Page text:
Allison Klowan, OT, OTD, OTR; Mary Beth Kadlec, ScD, OTR/L; Stefanie Johnston
Background: Parent-mediated occupational therapy (OT) is a family-centered method of providing care for children and their families. This study aimed to understand and describe the parents’ perspectives of whether parent-mediated OT services improve child participation and parent-child social interactions in the home and community.
Method: This study was performed with a qualitative, phenomenological research design using focus groups. Eight participants were included in the study who were parents of children with at least one NDD, such as autism spectrum disorder or attention-deficit/hyperactivity disorder.
Results: Four major themes were developed: It’s a Family Affair, Sometimes it Just Takes a Bit of Training, Using [OT Strategies] to the Full Extent, and It’s Definitely Better to be in the Session. One-hundred percent of the participants experienced the phenomenon described in two themes and 87.5% of the participants experienced the phenomenon described in two themes.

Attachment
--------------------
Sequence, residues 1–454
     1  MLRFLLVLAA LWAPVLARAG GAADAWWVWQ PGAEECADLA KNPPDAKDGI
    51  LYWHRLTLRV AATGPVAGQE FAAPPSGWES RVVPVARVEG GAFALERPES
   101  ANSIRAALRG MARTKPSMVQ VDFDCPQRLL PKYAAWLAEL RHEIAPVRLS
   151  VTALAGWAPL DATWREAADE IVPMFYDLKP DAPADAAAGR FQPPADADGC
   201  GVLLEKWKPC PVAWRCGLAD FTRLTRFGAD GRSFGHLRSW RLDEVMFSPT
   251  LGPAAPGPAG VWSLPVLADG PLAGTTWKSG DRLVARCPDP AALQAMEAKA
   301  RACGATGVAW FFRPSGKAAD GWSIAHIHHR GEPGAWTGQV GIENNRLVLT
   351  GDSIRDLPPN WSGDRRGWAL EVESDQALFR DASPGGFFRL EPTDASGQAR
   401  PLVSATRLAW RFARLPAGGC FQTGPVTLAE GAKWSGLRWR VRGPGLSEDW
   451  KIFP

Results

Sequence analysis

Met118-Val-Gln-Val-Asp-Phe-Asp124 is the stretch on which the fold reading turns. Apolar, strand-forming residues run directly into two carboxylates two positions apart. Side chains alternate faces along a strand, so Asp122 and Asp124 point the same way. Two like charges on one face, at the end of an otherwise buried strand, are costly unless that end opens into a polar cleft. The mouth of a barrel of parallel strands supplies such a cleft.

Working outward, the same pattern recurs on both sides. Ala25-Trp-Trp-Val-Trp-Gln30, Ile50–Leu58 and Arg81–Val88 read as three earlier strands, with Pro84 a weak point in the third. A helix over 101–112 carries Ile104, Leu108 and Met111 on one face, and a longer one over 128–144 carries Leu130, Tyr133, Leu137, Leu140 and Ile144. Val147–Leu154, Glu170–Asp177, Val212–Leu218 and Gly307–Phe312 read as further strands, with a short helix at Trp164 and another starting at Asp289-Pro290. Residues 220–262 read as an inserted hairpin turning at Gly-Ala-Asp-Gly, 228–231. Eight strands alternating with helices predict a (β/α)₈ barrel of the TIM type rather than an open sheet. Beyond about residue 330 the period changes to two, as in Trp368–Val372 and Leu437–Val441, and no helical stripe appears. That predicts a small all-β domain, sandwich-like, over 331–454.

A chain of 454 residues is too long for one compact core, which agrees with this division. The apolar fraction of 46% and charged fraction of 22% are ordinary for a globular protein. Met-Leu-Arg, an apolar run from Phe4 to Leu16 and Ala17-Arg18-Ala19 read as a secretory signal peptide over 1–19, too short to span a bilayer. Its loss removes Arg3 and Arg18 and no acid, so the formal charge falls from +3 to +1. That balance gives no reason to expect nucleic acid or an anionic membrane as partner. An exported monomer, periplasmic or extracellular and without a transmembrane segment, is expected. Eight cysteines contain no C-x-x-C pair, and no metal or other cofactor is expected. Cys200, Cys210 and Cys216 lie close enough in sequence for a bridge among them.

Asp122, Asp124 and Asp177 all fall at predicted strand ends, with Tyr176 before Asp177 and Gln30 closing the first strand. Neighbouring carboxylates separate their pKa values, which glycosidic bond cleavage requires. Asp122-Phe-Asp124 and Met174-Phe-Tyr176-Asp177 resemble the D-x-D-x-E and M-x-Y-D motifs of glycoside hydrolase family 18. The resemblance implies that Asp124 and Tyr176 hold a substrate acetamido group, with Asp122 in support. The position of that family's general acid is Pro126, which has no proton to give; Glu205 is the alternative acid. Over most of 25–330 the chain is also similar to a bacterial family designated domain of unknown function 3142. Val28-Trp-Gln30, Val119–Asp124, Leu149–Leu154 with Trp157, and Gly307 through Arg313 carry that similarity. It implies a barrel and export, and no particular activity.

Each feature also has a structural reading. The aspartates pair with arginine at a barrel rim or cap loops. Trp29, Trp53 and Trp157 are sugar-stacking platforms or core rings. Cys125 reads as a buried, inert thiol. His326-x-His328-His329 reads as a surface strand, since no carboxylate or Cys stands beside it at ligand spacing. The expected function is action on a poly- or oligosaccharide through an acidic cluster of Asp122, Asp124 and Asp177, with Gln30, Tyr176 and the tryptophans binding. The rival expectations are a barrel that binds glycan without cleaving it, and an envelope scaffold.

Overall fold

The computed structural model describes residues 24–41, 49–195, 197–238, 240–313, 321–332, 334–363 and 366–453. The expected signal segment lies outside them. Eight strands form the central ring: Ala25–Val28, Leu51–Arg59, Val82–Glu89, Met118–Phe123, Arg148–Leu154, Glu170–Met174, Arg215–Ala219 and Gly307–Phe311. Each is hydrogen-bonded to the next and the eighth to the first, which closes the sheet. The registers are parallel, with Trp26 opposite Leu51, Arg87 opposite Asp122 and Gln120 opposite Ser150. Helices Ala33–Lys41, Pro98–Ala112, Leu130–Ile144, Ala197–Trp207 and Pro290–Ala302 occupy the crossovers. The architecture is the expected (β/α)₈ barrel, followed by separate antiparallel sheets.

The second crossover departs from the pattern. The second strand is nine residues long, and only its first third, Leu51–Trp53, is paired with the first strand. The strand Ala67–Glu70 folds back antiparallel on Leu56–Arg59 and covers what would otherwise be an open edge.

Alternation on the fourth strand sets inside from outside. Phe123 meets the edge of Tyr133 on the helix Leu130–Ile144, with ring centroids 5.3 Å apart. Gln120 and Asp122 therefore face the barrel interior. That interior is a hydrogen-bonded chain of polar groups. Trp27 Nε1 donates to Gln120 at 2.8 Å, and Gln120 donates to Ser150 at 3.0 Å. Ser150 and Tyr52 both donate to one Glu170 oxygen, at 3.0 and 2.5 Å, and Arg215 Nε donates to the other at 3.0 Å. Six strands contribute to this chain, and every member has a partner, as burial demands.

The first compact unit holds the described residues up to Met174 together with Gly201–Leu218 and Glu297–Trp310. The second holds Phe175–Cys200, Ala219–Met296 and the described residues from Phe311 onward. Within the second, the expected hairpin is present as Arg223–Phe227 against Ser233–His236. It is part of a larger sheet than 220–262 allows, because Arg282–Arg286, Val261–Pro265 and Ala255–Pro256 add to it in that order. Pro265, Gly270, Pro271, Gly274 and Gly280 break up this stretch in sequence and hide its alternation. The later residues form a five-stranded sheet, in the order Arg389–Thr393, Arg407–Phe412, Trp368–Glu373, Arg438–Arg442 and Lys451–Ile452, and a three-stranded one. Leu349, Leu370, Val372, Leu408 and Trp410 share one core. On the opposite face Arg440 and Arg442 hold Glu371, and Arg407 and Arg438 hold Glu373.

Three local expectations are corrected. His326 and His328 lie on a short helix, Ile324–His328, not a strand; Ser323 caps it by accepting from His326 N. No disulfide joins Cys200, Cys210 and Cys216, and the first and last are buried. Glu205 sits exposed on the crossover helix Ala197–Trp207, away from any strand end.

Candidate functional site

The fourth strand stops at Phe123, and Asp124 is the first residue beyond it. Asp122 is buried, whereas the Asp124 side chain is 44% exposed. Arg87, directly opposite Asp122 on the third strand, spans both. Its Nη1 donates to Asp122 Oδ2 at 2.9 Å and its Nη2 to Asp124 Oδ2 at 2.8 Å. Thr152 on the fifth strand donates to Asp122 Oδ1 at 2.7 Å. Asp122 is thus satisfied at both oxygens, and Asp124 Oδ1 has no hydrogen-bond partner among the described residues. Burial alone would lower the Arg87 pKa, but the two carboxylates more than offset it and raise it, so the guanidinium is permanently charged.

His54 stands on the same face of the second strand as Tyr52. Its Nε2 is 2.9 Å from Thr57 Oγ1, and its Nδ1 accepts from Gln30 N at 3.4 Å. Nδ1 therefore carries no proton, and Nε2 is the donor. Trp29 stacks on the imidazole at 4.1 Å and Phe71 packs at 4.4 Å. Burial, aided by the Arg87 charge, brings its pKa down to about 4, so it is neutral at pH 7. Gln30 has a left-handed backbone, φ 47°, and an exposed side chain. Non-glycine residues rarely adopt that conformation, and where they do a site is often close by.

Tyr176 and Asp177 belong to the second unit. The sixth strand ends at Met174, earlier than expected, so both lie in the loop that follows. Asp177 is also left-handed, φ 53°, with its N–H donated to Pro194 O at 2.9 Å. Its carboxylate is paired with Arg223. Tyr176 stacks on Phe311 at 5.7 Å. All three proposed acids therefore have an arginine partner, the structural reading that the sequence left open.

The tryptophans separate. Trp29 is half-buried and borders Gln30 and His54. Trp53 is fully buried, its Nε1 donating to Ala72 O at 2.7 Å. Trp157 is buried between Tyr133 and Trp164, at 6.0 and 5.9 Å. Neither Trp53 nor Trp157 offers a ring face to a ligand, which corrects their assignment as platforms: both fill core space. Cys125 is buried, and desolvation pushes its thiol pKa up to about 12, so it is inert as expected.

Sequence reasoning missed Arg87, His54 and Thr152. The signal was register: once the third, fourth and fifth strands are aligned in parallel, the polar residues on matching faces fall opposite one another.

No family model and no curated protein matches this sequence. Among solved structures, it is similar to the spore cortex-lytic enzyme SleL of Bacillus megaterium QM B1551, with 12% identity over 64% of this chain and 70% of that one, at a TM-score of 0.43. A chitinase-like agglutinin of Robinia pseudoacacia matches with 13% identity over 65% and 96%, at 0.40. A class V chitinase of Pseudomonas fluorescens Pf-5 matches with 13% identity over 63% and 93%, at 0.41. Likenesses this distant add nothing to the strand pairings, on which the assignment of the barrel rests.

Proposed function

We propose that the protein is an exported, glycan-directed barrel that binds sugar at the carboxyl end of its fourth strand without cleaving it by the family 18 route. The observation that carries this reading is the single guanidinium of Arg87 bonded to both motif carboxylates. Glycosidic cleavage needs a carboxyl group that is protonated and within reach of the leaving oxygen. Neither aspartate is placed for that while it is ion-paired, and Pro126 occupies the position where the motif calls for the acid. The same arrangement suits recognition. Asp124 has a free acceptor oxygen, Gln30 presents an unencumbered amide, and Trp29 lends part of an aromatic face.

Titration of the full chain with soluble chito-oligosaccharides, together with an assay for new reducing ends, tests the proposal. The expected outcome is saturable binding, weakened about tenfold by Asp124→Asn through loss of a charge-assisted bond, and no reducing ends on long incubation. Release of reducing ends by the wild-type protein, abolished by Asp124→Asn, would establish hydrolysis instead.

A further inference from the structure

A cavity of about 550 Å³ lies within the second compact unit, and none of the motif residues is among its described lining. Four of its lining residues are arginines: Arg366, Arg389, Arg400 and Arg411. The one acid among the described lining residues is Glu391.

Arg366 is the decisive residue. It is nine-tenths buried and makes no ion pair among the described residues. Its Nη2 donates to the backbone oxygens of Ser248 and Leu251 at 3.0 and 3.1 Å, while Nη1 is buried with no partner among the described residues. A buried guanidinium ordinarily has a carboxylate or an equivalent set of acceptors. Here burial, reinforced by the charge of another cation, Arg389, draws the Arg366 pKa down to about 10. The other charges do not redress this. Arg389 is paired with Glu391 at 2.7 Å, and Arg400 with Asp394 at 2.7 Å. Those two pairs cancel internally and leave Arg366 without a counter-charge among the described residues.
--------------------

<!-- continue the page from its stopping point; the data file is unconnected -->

Conclusion: Parent-mediated OT services may lead to substantial learning among parents, facilitate parents’ use of OT strategies in their home and community environments, improve child participation in daily activities, and improve parent-child communication and engagement.
Klowan, A., Kadlec, M., & Johnston, S. (2023). The Parents' Perspective: Experiences in Parent-Mediated Pediatric Occupational Therapy for Children with Neurodevelopmental Disorders. The Open Journal of Occupational Therapy, 11(1), 1-13. https://doi.org/10.15453/2168-6408.1958